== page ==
In any case, the reservation for the hotel was made directly with Qatar Airways through the travel agency at the time the flights were booked. You will then receive a hotel voucher by mail from Qatar Airways that you need to print out and take along.
Upon arrival in Doha, follow the signs marked transfer. Eventually you will reach the Qatar Airways transfer counters, which are located opposite the security check for transfer passengers. There are separate counters marked ‘City Accommodation and Transfer’ and there is also a dedicated counter for premium passengers.
I hand the agent my passport and hotel voucher. She invites me to head downstairs to the arrivals halls and instructs me to wait in the Al-Maha arrivals lounge while she gets my visa for Qatar processed.
Al-Maha Arrivals Lounge
I am welcomed to the lounge and immediately one of the lounge attendants approaches me and asks me if there is anything I would like to eat or drink while I wait. About 20 minutes and one orange juice later, a Qatar Airways rep appears with my stamped passport. She then escorts me out into the arrivals hall and through customs.
I shall be staying at the Oryx Rotana Hotel. As I exit immigration, there is another representative from the hotel already expecting me. By the looks of it I have just missed the shuttle to the hotel, so the Qatar Airways representative escorts me to yet another lounge – the landside Qatar Airways lounge – and advises me to wait there until the shuttle arrives. I enter the lounge and again somebody approaches me immediately, asking if there is anything I would like to drink. But my wait in the lounge is only about 10 minutes anyway, so I decline.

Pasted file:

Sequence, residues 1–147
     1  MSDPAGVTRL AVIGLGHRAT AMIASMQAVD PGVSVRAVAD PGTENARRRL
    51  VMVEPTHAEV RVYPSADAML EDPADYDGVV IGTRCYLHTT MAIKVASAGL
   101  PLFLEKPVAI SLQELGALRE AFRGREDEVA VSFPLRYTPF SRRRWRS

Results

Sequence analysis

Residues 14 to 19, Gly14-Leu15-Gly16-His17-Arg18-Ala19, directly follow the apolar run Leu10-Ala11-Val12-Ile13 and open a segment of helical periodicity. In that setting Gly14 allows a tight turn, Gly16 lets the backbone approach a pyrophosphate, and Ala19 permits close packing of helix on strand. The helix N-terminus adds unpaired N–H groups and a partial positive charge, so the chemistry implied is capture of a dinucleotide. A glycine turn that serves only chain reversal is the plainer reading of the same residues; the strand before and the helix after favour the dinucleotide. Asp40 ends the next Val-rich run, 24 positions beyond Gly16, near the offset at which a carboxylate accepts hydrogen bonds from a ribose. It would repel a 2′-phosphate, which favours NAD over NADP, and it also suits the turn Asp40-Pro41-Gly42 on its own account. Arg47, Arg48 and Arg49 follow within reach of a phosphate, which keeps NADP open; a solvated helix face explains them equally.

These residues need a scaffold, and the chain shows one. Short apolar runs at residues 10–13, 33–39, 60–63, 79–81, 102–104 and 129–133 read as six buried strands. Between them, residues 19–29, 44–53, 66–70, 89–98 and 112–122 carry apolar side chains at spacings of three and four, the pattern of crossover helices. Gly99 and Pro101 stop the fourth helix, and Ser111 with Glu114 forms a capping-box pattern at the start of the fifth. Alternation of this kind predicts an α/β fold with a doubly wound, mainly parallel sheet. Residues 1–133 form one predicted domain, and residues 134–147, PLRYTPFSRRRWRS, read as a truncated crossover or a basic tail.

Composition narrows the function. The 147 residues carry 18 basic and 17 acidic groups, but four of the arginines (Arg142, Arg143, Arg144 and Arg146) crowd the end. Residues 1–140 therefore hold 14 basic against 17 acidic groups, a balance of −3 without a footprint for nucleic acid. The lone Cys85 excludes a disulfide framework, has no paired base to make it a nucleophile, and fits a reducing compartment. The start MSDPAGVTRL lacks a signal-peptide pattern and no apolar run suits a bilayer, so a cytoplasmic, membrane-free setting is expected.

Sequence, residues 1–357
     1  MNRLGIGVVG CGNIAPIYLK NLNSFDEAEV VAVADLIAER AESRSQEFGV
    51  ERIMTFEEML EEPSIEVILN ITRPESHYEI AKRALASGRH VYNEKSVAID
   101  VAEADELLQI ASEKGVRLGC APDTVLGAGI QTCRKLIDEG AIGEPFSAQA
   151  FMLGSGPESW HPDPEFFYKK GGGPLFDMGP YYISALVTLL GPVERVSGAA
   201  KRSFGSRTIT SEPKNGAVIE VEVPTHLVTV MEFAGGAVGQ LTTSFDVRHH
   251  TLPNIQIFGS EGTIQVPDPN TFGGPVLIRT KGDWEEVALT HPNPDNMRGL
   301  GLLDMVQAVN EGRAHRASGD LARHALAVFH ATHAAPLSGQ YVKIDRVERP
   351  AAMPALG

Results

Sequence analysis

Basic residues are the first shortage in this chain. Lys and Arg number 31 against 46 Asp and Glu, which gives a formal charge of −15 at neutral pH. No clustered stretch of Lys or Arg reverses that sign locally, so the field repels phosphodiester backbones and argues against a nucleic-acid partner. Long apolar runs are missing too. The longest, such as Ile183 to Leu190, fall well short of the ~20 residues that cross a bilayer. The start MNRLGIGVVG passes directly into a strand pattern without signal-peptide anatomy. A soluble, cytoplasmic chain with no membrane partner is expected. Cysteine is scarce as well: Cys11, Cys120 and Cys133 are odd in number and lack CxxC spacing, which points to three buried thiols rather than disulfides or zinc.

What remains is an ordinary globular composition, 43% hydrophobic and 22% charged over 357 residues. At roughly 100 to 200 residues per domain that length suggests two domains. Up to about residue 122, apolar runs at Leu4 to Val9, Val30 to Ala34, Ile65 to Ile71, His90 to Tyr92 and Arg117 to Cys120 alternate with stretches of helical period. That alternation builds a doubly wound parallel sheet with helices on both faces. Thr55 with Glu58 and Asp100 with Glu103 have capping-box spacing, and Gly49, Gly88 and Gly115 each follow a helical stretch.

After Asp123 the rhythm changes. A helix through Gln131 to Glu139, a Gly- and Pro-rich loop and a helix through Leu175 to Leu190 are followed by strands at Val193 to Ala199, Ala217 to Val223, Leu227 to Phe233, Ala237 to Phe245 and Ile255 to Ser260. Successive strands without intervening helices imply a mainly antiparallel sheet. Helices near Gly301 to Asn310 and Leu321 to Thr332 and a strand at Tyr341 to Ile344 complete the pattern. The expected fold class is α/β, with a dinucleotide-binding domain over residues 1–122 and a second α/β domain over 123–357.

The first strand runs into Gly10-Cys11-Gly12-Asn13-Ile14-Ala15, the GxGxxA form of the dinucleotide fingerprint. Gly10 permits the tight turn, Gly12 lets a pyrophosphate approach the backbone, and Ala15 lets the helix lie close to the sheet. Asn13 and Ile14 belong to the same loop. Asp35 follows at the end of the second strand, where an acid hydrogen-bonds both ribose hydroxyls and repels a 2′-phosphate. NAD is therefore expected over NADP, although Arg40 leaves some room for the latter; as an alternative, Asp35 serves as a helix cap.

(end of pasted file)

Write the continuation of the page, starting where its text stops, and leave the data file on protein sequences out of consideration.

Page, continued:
Eventually I am escorted from the lounge to the shuttle bus stop at the far end of the arrivals concourse. The journey to the hotel takes roughly 20 minutes.
This was yet another brilliant flight with Qatar Airways, and unless they seriously screw it up on the last leg back to Zürich, I think they are truly deserving of the five star rating, simply for the consistency they have managed to keep in their product and service. The transfer process at Doha airport could really hardly be easier. As my friend the valiant M. always says, it’s as easy as cutting Swiss cheese…